The Thermomix has a reputation for being fabulous for risottos, since it does all the heating and stirring. It was certainly easy and convenient — plus I found it seemed to cook more quickly than on top of the stove. Pretty sure I’m sold. This was also the first time I used the butterfly whisk attachment, which was easier than it looked.

Very delighted to have added these two recipes to my Thermomix repertoire!

A good SIGN for a hungry traveller

I was flicking through a bunch of travel photos just last week and came across a pic of this fabulous sign, and made a mental note to drag it out if/when the WordPress weekly photo challenge called for a sign.

Surprise! I didn’t have to wait very long — the blog gods clearly heard me, and that’s the theme for this week (The sign says)!

Found in Ronda, Spain

Found in Ronda, Spain

I found this sign while walking along the streets of Ronda in Spain. It probably doesn’t need much explanation as to why it appeals to me…

For those who haven’t been there, Ronda is a really cool little town in Andalusia. It’s located on top of a high precipice, split by an awe-inspiring canyon, and features a rather spectacular bridge. It has strong Moorish and Christian influences in its architecture and archaeology. Here’s a link to a post I wrote about it (Ronda proves a revelation) when I visited in 2010.

So… if you saw this sign as a weary and dusty traveller, what would you do?


And now for some blog joy

A few days ago I was talking about writing with joy — but now it seems blogging with joy can be good too.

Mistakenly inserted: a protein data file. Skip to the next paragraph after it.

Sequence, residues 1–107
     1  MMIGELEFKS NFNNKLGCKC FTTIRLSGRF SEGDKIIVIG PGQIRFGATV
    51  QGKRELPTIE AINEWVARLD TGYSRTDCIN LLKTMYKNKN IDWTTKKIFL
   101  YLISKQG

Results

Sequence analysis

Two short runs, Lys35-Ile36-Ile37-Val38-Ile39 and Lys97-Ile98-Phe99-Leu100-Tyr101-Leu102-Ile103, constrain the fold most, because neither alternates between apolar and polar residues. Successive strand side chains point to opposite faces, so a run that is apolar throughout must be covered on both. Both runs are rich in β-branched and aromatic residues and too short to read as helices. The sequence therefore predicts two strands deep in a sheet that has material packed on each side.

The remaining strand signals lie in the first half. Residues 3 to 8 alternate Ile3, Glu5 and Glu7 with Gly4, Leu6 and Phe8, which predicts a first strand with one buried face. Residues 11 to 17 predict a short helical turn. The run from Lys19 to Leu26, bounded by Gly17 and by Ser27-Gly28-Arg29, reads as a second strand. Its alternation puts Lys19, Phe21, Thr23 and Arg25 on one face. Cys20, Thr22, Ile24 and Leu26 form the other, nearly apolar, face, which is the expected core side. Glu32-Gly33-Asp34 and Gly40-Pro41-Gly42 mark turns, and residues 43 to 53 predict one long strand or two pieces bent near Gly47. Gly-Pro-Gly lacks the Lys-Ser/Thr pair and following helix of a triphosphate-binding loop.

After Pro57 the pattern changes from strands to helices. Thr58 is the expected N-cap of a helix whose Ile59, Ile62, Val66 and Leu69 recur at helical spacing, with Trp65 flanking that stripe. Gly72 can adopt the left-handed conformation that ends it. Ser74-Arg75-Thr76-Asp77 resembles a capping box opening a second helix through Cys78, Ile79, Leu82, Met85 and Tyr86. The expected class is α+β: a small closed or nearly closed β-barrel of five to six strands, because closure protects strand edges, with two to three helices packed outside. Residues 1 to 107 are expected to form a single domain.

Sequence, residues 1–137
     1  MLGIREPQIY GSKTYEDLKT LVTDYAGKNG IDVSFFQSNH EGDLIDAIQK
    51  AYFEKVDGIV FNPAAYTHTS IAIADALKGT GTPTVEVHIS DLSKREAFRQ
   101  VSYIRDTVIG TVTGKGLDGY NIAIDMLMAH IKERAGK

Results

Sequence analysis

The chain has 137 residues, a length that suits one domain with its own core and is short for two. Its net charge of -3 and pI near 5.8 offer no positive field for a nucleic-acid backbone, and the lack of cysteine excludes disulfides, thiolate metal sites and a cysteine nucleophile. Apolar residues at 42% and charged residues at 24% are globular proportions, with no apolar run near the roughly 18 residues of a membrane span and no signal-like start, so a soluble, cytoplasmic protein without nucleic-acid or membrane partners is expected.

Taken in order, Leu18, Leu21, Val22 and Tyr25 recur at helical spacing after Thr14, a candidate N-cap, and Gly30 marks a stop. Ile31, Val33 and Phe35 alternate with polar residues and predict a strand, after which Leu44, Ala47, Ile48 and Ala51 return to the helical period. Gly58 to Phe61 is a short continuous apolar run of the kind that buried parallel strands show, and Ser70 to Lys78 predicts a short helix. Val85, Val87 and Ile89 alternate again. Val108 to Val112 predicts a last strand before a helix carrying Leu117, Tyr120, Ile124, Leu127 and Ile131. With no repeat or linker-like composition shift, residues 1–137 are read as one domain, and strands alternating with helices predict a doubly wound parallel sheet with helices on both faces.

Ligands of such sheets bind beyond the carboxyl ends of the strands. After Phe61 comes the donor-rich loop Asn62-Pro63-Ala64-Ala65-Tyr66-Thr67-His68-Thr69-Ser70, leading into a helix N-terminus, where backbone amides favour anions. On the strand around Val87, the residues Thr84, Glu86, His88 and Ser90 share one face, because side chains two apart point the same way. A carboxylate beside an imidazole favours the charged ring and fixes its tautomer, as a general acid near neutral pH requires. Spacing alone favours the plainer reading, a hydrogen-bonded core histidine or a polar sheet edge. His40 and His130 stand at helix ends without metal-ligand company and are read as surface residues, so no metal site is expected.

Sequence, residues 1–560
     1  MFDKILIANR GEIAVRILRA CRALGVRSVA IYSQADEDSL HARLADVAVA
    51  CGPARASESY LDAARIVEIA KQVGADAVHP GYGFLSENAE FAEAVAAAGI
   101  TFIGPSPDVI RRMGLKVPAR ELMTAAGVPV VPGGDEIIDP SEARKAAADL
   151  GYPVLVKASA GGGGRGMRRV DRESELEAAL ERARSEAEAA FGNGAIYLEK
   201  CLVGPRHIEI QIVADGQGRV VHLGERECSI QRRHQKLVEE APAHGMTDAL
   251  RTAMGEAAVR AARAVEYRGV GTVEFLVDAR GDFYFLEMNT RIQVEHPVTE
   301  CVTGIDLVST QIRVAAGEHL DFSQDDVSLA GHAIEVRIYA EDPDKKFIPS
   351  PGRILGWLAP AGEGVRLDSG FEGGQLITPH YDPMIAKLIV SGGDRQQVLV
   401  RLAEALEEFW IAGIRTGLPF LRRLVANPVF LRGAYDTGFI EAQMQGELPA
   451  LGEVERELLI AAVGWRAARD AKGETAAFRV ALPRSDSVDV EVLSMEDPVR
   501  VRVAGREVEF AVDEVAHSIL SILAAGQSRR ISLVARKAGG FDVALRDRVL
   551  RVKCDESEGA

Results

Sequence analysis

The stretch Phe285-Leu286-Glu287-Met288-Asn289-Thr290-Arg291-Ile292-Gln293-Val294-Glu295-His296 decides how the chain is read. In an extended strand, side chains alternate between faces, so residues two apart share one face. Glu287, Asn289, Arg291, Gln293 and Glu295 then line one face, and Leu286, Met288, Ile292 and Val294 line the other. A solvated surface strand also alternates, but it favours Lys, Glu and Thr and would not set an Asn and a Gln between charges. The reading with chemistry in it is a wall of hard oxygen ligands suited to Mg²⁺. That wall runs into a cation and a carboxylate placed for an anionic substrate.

I was thrilled a couple of days ago to be tagged by The Hyperteller for the ‘Tell me about yourself’ award. Perhaps I’m a little more excited than is warranted, but it’s so nice to have people read, comment, and now acknowledge my blog. Since I diversified content at the start of this year, I’ve been trying to figure out which types of posts are of most interest to readers, but to be honest it’s quite hard to tell!

Anyway, thanks Hyperteller for the vote of confidence.

And now I’m supposed to share seven things about me. Before I start (and right now I have no idea what I’m going to write) I’ll let you know I already came up with seven things in January, when the Versatile Blogger recognition was bestowed upon me. (Actually, Mike Schulenberg nominated me again about six weeks ago, and I never thanked him — oops. Thanks, Mike!) So if you’re really interested, and would in fact like to know 14 things about me in total, you could check out this post as well.